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Our 6 Favorite State Parks In California

California is a big and diverse state and it’s home of several unique national parks. Like Sequoia, the land of giant trees, Yosemite, the land of waterfalls or Death Valley, the hottest place on Earth – just to mention the most famous ones. But California has a lot of state parks as well (roughly 200 is a lot, right?) that are not nearly as well-known despite of the special beauties they offer. Coastal views, deserts, redwoods, marshes, hills, lush green forests, alpine lakes, interesting rock formations, rich wildlife and marine life – you choose.

Big Basin Redwoods State Park, California, USA

We’ve lived in California for a year and like any good Californian we’ve spent as much time outdoors as we could. So we decided to introduce our 6 favorite state parks to you. On a sidenote, it was very hard to choose just 6 even though we’ve visited only a fraction of the parks (almost 30). For a full list and more information about entrance fees and opening times visit the California Department of Parks and Recreation website.

So here they come, the chosen ones. 🙂

D.L. Bliss and Emerald Bay State Parks, High Sierra

Emerald Bay, California, USA

California’s High Sierra is full of wonderful parks and majestic landscapes and Lake Tahoe is one of our favorite region. With its 1945 ft (593 m) depth Tahoe is the second deepest lake in the United States after Crater Lake. It’s located on the border of California and Nevada and though it’s not a national park, there’s a bunch of state parks and even a designated wilderness area in the region.

D. L. Bliss and Emerald Bay State Parks are two small parks right next to each other. They include more than six miles of Tahoe’s west shore – the most beautiful part of the shoreline in our opinion. Rubicon Trail led us along this shoreline including Emerald Bay and this is the hike you don’t want to miss if you visit Lake Tahoe. Okay, of course, you can miss anything you want but this was the hike that made us fall in love with Tahoe. You can also choose from several activities other than hiking like kayaking, paddle boating or swimming (if you dare! it’s an alpine lake…).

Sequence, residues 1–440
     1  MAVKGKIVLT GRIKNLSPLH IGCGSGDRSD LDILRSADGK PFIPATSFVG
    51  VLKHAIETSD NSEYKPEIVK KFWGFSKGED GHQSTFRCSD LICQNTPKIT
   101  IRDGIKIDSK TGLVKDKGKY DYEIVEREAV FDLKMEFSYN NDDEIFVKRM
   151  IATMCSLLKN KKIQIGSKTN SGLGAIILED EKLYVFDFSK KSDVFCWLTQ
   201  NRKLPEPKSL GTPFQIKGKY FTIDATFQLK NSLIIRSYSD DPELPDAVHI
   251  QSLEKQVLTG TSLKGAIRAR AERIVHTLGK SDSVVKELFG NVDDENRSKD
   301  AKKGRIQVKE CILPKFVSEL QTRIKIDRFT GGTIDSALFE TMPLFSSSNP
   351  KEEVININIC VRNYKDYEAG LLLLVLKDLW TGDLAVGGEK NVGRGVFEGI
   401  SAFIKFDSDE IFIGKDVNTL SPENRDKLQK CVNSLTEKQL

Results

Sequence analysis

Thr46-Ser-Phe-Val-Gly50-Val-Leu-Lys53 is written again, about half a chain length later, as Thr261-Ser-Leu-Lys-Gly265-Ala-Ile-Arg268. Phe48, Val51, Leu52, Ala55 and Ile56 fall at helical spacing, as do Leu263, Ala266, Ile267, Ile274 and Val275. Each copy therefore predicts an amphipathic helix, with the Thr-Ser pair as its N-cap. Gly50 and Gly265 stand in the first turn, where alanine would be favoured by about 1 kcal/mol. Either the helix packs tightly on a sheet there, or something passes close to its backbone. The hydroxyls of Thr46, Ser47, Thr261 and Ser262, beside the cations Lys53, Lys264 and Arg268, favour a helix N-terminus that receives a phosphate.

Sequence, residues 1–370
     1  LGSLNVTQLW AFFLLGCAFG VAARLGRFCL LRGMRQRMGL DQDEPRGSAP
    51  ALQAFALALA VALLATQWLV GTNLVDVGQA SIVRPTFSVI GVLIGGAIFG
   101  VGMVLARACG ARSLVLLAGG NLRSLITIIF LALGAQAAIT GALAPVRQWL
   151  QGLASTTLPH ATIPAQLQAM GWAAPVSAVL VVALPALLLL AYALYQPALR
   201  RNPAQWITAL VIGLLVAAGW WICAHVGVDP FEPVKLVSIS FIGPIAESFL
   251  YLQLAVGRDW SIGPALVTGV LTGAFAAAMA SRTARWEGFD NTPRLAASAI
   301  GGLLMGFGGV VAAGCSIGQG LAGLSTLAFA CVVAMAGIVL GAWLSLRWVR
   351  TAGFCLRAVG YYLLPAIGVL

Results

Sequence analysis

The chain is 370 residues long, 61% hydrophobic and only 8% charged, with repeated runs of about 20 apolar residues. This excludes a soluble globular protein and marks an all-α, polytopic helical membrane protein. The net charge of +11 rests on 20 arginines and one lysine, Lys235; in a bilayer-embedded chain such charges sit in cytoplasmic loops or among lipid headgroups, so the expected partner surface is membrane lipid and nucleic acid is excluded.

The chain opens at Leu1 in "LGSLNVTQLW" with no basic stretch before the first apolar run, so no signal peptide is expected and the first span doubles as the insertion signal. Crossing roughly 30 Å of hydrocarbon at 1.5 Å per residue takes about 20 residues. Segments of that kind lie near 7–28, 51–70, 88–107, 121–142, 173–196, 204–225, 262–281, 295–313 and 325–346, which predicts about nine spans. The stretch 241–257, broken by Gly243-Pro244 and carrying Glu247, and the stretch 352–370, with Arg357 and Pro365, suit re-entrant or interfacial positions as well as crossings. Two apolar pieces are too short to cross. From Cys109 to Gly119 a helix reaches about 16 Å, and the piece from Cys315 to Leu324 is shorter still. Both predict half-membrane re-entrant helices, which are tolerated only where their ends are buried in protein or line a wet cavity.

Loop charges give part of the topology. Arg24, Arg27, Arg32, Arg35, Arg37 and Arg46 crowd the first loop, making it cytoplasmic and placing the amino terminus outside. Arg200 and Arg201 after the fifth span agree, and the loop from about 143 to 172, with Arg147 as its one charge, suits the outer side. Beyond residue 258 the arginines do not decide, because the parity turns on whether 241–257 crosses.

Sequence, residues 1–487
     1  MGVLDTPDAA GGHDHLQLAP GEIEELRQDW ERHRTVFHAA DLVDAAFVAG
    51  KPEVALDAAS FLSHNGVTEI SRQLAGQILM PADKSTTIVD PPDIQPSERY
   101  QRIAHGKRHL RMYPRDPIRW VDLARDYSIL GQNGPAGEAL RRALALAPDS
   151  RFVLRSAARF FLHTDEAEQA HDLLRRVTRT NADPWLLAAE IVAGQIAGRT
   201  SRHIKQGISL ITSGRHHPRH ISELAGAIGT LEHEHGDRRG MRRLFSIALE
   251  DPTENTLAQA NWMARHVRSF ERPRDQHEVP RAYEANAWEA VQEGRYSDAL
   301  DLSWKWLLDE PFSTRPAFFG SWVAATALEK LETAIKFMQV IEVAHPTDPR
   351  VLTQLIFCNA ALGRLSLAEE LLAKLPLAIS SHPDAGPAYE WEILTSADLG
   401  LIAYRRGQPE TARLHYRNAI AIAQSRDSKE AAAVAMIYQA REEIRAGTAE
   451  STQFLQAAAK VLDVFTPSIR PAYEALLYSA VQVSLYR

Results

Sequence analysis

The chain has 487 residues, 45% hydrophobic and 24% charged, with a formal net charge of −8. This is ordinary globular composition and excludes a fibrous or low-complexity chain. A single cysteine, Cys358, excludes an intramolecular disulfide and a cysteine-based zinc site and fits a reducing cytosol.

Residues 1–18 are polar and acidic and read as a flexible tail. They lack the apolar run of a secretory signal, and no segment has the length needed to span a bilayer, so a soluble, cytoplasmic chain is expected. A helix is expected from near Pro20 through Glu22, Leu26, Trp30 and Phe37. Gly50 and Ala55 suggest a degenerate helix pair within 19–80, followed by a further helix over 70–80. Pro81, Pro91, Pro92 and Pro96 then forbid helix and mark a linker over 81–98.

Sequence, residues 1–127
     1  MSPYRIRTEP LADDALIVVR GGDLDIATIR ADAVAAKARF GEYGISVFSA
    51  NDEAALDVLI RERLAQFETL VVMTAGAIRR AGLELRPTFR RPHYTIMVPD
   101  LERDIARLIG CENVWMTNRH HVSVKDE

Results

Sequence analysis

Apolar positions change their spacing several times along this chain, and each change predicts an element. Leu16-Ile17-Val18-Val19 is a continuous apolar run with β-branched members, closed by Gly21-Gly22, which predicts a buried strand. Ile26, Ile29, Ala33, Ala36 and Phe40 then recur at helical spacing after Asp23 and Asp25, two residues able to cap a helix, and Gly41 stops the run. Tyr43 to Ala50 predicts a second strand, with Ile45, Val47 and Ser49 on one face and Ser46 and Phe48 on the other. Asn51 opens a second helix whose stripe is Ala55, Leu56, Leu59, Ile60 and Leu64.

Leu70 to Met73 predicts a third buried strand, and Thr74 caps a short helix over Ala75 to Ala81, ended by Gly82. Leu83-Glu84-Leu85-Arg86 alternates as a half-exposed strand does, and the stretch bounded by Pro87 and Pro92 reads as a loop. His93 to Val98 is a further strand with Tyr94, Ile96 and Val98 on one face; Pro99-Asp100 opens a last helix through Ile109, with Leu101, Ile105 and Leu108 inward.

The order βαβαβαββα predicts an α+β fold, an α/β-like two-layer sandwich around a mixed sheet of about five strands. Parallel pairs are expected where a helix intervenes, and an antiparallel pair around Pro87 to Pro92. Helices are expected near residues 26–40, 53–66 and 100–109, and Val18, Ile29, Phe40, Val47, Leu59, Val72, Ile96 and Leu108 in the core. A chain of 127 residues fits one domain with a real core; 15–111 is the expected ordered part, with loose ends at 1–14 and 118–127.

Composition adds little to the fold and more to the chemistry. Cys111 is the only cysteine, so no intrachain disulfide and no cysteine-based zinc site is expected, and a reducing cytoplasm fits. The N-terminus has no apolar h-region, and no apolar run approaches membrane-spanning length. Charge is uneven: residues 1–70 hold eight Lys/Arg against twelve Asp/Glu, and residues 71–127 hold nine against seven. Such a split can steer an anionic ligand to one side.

Julia Pfeiffer Burns State Park, Central Coast

McWay Falls, Big Sur, CA, USA

California’s Pacific Coast is magical all along! If we have to choose our favorite section though it would be Big Sur. And Julia Pfeiffer Burns State Park is one of the most iconic places of Big Sur because of MyWay Falls. This is the picturesque waterfall I bet you’ve already seen in a bunch of pictures and you probably wondered whether it’s real or on which tropical island it could be. Well, California is the answer you’re looking for.

The Waterfall Overlook Trail is very short but it will take time until you get bored with the views. (No, you won’t until sunset but that’s fine. You can wait until sunset, too. Ocean sunsets at Big Sur are stunning!) There are some more trails in the park, like we also discovered Ewoldsen Trail that led us to a pretty redwood canyon.

Andrew Molera State Park, Central Coast

Andrew Molera State Park, California, USA

Andrew Molera is another state park of Big Sur. We started our exploration from the parking lot towards the beach. There’s Big Sur River to cross on the way and then just follow the trail to the beach. Several short and easy trails allowed us to see the best of this park. Beach Trail from the Big Sur River mouth to Cooper Point is the easiest. Bluffs Trail and Headlands Trail offer amazing ocean vistas.